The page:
Used cars are cheap here, especially the “normal” cars. Also, every car over 3 years old is required to get an annual inspection (known as the MOT), so if it has a fresh MOT and no “advisories” (i.e. things that are borderline and may need attention soon), you have a reasonable level of confidence that the car you’re buying is in decent working order. Of course, there’s always a risk with buying a high mileage used car, MOT or not.
Doesn’t being RHD on a LHD continent have a lot to do with the lower car prices, since there isn’t much of a market on the other side of the Channel for them.
Yes that does have an impact as the UK market, as there are not many options to export used RHD cars to other markets save maybe certain parts of Africa (many W123 Merc’s have been exported to Africa from the UK) and Asia.
Depends on the car, my S1 Elise sold to a guy in Italy for more than it was worth in the UK.
It helps that you can swap an Elise from RHD to LHD with a few days work and a new steering rack.
Only a couple of years until you’ll be able to import S1 Exiges to the US and convert them to LHD…
Ignoring the folks who don’t think global warming is real/our fault, the generic American is aware of it and wants to stop it. Same with air quality issues — most people agree we should not have bad air.
The problem comes when it’s time to cut emissions — people don’t want to change their lifestyles (myself included). I want to stop global warming, I care about the environment and air quality, but I also want to keep driving old cars, flying to see the world, and burning wood in my sauna stove.
The biggest challenge of our generation is figuring out how to stop carbon emissions in a way that society won’t reject. It’s hard. We have to find ways to do it while balancing letting people keep their lifestyle and hobbies. Almost everyone has their own “thing” they don’t want to give up to fight climate change (myself include). As a whole, America’s economy relies on cheap energy. Even though I doubt anyone is cargo ship enthusiast that loves burning bunker fuel as a hobby, most things we buy rely on cheap shipping. If there aren’t ways to keep everyone on board, nothing will work.
Anyway, just my $0.02. I don’t have the answer and I feel for Doug.
No, the problem is that the people being forced at gunpoint to ‘cut their emissions’ are the absolute fucking least contributors to it, while the absolute worst continue to fuck them over.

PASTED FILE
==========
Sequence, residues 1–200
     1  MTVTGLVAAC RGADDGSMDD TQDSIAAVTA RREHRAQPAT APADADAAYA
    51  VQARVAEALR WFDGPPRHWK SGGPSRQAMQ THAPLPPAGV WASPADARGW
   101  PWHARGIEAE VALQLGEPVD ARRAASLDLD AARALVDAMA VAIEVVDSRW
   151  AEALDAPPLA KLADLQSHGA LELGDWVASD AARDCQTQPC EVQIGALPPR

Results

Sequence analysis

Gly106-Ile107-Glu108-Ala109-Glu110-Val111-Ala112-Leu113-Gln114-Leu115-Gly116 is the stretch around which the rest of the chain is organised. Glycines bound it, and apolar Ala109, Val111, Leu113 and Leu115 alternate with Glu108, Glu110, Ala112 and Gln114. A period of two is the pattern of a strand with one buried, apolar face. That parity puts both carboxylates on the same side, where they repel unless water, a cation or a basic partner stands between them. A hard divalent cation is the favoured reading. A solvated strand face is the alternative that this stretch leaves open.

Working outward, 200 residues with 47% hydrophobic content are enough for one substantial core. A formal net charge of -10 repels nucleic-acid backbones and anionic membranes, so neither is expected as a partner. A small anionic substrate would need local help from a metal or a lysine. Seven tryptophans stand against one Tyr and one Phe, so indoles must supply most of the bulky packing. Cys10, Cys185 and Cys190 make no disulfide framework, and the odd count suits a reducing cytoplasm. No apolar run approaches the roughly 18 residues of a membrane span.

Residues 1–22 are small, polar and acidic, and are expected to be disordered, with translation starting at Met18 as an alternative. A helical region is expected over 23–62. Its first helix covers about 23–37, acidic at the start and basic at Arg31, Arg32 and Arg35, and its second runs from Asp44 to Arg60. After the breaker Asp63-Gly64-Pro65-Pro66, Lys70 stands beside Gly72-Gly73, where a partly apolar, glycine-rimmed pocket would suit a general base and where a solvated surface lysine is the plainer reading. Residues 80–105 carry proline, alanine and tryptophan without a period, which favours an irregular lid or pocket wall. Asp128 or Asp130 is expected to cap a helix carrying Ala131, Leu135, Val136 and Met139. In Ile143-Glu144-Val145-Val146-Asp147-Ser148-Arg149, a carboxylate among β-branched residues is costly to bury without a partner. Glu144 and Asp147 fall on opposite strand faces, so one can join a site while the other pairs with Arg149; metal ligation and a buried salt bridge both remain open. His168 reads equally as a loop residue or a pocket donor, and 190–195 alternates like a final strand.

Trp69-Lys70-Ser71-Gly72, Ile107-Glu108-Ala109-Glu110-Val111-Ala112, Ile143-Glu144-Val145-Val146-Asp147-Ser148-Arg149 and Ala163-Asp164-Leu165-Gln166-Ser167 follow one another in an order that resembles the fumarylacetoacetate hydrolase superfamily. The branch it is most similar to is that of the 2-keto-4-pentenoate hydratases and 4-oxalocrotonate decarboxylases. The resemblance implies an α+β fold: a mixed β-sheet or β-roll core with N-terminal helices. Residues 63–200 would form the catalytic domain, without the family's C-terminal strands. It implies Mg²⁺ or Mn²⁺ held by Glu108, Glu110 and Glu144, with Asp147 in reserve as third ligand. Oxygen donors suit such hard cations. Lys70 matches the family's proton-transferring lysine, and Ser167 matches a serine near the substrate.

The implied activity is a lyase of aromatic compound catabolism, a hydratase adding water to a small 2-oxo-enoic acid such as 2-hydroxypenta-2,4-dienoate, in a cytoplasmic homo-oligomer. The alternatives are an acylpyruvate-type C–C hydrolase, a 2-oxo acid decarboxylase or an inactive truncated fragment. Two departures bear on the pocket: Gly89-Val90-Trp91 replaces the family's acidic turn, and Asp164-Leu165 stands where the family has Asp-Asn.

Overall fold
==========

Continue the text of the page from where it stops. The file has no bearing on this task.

I drive my Porsche about 3200 kilometers a year; that means it contributes about 678,400 grams of CO2 annually or 678.4kg. “Wow that’s a lot.”
No, it’s fucking not.
Any time I travel to Germany for work, the flights contribute more than twice that just for my seat. Not including the train to the office and the rental car.
The assholes hopping around in private jets do triple the emissions in half the distance, not counting all the wasted flights and idle time.
Converting every single car in the US to a BEV would not make even a scratch in emissions. Because guess what? The electrons gotta come from somewhere, and that somewhere is going to be natural gas and coal fired power plants. Because they’re cheaper, easier to build, and more reliable. Meaning at best it’s a wash on the emissions front; especially as natural gas plants dump methane, which is orders of magnitude worse than CO2 on a per-molecule basis.
Demanding the people who can least afford to, to spend a shitload of money they simply do not have and completely upend their lives, in the name of the environment? It’s pure bullshit and always has been. Should you recycle? Maybe if anything actually got recycled. (It doesn’t.) Should you dispose of batteries properly? I will make very angry noises at you if you don’t. Dump used motor oil in the sewer, and I know how to and will drop law enforcement on your doorstep. Take the bus or train when reasonable instead of driving? Sure, I’m all for it.
Past that? The assholes screaming loudest, are the same assholes on those private jets. They’re the assholes who’ve made it impossible for things to function without burning billions of gallons of bunker. Fuck them and fuck their guilt trips. We’ve done our part.
This. All of this. Fuck all of them.
Its like god damned Maersk trying to push green initiatives when they’ve fucked over so many for so long with their pollution. All the laws that come about as a result of their pushing and lobbying will do nothing but push Maersk out front because they had the money to invest in green initiatives sooner.
This, 100%. I’m going to be lazy and cut & paste from my earlier reply because it’s how I genuinely feel:
“More related to your article is my own perception on the matter in question. It frustrates me to no end that nobody seems to either understand or is willing to grapple with the fact that there are far more heinous polluters out there. I’ve said it before and I’ll say it again: air travel, especially casual, or for business purposes is largely irresponsible. Vacations are a frivolity and technology allows business with intercontinental or overseas business partners. In my opinion it’s strictly a lack of dedication to reduce emissions and wanton entitlement.